So you have now been appointed to act as an Attorney. This short guide sets out what the first steps are to acting as an Attorney, and your duties.
I have now been appointed – what now?
The first thing to do is read the Power of Attorney document that appoints you. This is a very important document, and you should get familiar with its terms as it confirms:
- If you have been appointed as the only Attorney, or appointed alongside other Attorneys, or if you are a substitute Attorney. If you are a sole Attorney, you can make decisions on your own. If you are a joint Attorney, you will have to consult and agree on decisions with the another appointed Attorneys. If you are a substitute Attorney, you can only act if the main Attorney has resigned or can no longer act;
- The powers that have been granted to you. Please note that you only have the powers that are listed in the Power of Attorney document; and
- When you can use those powers. “Welfare” powers can only be used if the person who granted the Power of Attorney no longer has the ability to make those decisions. The Power of Attorney will set out what you need to do to satisfy yourself that they have lost capacity, e.g. you may need a certificate from a medical practitioner confirming that this is now the case.
Similarly, the “financial” powers may only take effect if the granted loses capacity to make those decisions. In some cases, the financial powers can take effect as soon as the Power of Attorney has been registered with the Office of the Public Guardian. This would allow an Attorney to help the granter, with their consent, deal with their finances whilst they still have capacity.
Dealing with third parties
When you are acting as Attorney on behalf of the granter, you will no doubt be dealing with various third parties. These can include the banks, pension companies, utility companies, doctors, dentists, etc. The third party will usually need to see the Power of Attorney which has appointed you, and the Certificate of Registration from the Office of the Public Guardian, to prove that you can act and to allow you to carry out your role.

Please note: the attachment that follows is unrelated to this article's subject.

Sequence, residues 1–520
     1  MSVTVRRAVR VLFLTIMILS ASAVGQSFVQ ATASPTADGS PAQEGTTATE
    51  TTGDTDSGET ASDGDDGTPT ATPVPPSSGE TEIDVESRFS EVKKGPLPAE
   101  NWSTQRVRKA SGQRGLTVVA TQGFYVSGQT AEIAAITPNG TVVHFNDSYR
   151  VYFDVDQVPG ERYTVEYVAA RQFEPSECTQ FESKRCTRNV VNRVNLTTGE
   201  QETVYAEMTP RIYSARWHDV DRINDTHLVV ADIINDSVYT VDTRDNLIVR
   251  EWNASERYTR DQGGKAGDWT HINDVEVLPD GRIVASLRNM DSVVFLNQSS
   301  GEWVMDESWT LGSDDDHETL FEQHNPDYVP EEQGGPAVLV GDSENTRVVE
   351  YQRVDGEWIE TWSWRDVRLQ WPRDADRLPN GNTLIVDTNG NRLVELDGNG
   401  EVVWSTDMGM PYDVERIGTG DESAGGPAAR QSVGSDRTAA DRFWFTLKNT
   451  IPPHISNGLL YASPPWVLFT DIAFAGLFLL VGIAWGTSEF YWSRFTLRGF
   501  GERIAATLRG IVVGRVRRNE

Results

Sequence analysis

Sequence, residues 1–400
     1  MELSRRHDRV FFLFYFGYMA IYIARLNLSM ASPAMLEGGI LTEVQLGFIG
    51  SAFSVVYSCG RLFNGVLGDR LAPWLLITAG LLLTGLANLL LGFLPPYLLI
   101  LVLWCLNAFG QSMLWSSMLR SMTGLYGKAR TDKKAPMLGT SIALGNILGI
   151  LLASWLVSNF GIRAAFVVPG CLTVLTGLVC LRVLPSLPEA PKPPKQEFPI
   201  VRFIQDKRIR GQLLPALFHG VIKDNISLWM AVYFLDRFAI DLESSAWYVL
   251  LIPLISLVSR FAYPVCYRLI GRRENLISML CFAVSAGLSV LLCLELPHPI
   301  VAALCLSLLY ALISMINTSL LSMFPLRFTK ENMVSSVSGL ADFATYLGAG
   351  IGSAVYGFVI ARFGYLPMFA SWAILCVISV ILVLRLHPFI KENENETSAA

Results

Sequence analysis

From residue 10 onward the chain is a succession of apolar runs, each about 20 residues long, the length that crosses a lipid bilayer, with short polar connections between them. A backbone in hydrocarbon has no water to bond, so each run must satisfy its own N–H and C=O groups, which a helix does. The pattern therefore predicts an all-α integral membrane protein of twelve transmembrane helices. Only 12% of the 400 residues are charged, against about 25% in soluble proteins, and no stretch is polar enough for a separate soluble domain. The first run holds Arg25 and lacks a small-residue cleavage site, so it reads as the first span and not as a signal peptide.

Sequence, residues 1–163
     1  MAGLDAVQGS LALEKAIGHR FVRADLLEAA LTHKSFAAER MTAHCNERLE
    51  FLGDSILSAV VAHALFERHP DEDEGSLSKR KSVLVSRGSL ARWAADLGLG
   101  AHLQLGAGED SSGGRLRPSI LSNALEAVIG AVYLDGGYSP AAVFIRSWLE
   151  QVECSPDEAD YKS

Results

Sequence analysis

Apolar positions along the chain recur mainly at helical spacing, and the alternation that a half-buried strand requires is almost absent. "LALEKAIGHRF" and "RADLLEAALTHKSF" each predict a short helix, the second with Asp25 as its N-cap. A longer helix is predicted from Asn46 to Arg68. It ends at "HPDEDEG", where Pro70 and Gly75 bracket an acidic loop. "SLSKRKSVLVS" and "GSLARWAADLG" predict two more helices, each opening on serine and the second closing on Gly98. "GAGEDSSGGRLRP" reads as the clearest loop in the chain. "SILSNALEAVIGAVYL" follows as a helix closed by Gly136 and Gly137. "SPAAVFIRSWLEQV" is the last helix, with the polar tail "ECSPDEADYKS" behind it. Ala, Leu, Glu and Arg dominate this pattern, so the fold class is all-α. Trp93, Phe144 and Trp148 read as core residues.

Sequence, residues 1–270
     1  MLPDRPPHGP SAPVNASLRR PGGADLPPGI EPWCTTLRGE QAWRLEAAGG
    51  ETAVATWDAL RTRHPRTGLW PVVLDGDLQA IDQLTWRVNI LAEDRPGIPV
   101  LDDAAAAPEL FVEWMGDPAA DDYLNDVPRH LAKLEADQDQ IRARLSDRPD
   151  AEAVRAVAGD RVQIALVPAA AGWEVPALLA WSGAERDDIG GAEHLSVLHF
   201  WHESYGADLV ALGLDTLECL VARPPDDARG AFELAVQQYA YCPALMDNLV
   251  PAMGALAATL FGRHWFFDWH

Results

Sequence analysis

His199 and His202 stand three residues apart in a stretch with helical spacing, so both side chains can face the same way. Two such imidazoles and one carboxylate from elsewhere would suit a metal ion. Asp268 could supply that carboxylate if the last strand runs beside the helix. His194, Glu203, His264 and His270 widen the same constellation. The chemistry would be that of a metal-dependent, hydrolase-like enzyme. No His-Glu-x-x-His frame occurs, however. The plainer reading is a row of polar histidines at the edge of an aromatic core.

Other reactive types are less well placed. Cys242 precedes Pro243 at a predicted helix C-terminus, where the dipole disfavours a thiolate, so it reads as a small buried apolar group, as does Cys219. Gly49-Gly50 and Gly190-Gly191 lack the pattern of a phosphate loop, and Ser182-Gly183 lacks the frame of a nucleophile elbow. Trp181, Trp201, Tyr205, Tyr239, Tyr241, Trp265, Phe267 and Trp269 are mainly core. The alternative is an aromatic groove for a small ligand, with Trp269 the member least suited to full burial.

The Five Principles to Consider in Every Decision
The law has set out five principles which you must follow when you are acting as an Attorney and making decisions. It is important that you follow them. They are:
- Any action you take must benefit the granter;
- Any action taken should be the minimum necessary to achieve the purpose and represent the least-restrictive option;
- You must take into account the wishes or last known wishes of the granter;
- You must consult and take into account the views of others such as the nearest relatives and primary carers of the granter when making decisions;
- You must encourage the granter to exercise any skills they may still have in making their own decisions or contributing to your decision making.
You must keep records of how you exercise your powers. We would recommend that you keep written records about these decisions, including who you consulted, what was discussed and why you decided what you did.
You should also keep records of all financial transactions undertaken. If you are acting as a Financial Attorney then you must keep the granter’s money and property separate from your own.
Code of Practice for Attorneys
We would recommend that you become familiar with the Code of Practice provided by the Scottish Government. This can be found at: https://www.gov.scot/publications/code-practice-continuing-welfare-attorneys-second-edition-updated-february-2018/
For more information about setting up Power or Attorney, please contact our By Your Side team. We provide a wide variety of ways to contact the team and our opening hours span more than the usual 9-5 – so you can get in touch at a time and in a way that suits you.